Settlement agreements that are reached by two parties going through a divorce are more than just contracts. When someone sues to enforce a contract entered with another party, the parties to the contract only have certain limited remedies available. The most frequently sought remedy for breach of contract is money damages. In other words, I promise to give you some item, and you promise to pay me X dollars. Or, I promise to do work for you for a given period of time, and you promise certain wages. The failure of either promise might entitle the other party to sue for the money they should have received. However, when parties are divorcing, they enter a divorce settlement agreement. These agreements are quite long and have to be very detailed to cover many parts of how the parties will distribute the assets of the marriage, the debts of the marriage, and the responsibilities involved in dividing the assets, separating households, and caring for the children or ongoing responsibilities that resulted from events during the marriage. Once the parties obtain a final divorce, that settlement agreement becomes an Order of the court. It is a contract while in the agreement stage, but once incorporated into a final decree of divorce which usually is done, the parties may file for contempt for the other party's failure to live up to the requirements of the agreement.
The most frequent filing for Contempt involves failure to pay alimony or child support. The amount of the unpaid support is known as the "arrearage." It is almost impossible for a court to eliminate prior unpaid obligations, but courts will frequently set up long-term payment plans that the judge feels there is some likelihood of ongoing compliance by the offending nonpaying or dilatory payor. In some situations, a court can retroactively adjust child support back to the date of the filing of modification actions (see Modification). However, many filings involve failure to provide insurance, failure to carry out responsibilities of establishing retirement accounts for the divorced spouse, and failure to pay for, or sell, property of the parties after the divorce such as taking care of real estate transactions that are required in the settlement agreement. And at times, a party will file contempt due to the other parent's verbal or written disparagement of the other parent. (See article: Non-Disparagement Clauses are Serious in Divorce Settlement Agreements.)
Contempt also has as an important feature the ability of the court to impose a responsibility to pay attorney's fees on the offending party who fails to carry out his/her responsibilities. Rarely do courts make this a perfect situation. Clients often want the offending spouse who fails to live up to his or her obligation to pay all of their attorney's fees. We do ask for attorney's fees to be paid for our clients when the other side fails to live up to their obligations. Many times courts are helpful and order the other side to pay a substantial amount of fees. However, courts also look to any failures on both sides to live up to the agreement, and there is also some belief that each party has some responsibility to pay for his or her own lawyers. Moreover, even when the court orders attorney's fees to be paid, they often order it through the date of the hearing. Yet, the cases frequently drag out long beyond the hearing date because lawyers are continuing to complete tasks to finalize the case. Thus, even when the judge intends to order the offending party to pay all of the attorney's fees, there will frequently be time and expense beyond that timeframe for which the innocent party will be responsible. If the contempt is clear, we frequently find that a judge may order the payment of fees, but the net effect of the offending party paying the fees is often 60% to 80% responsibility of the offending party paying our fees. The client is still responsible for 100% of the fees regardless of whether the judge orders the other side to pay the fees and also once ordered to pay those fees, there is still no guarantee the offending party will actually pay those fees, and thus the innocent party must again consider going to court.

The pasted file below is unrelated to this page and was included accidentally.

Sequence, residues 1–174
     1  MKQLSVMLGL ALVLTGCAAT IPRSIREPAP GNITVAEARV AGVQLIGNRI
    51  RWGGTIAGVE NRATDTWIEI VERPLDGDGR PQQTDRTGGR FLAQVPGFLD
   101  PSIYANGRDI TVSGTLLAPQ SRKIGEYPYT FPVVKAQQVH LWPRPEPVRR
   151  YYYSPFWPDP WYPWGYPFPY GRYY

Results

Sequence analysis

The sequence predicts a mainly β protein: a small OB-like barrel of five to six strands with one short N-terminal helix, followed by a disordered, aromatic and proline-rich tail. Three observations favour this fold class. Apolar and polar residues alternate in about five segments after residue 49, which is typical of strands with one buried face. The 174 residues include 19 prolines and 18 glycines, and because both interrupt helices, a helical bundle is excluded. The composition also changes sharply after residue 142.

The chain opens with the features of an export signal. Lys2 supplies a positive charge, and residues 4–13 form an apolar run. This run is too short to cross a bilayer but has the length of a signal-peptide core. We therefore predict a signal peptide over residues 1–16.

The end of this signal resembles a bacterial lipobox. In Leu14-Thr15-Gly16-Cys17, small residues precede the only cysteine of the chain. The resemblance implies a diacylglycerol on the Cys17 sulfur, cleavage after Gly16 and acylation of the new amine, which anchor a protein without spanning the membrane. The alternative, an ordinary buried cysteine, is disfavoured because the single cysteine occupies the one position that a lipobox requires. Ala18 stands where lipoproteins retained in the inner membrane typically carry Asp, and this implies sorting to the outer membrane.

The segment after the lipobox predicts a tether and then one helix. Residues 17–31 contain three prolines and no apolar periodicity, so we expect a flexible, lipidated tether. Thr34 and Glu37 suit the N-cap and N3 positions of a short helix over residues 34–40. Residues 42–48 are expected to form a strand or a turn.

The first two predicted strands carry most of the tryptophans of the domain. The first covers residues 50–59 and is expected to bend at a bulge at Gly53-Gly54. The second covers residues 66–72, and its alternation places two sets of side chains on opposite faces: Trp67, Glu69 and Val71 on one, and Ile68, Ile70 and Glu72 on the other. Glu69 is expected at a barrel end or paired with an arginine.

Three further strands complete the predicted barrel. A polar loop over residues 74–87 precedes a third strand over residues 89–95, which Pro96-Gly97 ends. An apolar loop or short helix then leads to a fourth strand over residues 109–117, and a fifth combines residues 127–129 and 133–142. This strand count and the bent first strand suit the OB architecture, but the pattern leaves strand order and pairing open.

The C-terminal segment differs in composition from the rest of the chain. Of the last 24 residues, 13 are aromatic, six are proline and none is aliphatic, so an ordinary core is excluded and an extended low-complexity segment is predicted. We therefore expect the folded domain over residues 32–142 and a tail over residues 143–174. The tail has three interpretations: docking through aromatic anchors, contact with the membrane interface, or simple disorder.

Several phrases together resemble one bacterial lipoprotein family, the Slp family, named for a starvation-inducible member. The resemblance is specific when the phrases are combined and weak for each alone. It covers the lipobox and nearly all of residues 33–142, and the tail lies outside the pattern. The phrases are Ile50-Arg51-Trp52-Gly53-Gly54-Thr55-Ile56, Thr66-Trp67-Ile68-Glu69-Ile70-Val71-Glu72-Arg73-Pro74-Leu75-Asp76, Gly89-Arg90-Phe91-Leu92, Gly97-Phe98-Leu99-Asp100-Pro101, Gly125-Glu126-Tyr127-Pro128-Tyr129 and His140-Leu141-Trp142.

The courts do have systems in place to help with enforcement of child support orders, and income deduction orders are frequently used. These require payors of child support to have the amount of support deducted from their paychecks by their employers and payments then submitted to the recipient parent by the employer. For more information on income deduction orders, see http://www.georgiacourts.gov/csc/iwo/
Filing for contempt through the employment of a private law firm requires a careful analysis of the amount to be recovered, the likelihood of having attorney's fees paid and to what degree, and the likely difficulty to be encountered. We are happy to help with that analysis at a consultation so that the client can make an informed decision of his/her risks going forward, the likely costs involved, and the possible recovery of attorney's fees and the amounts of the arrearage.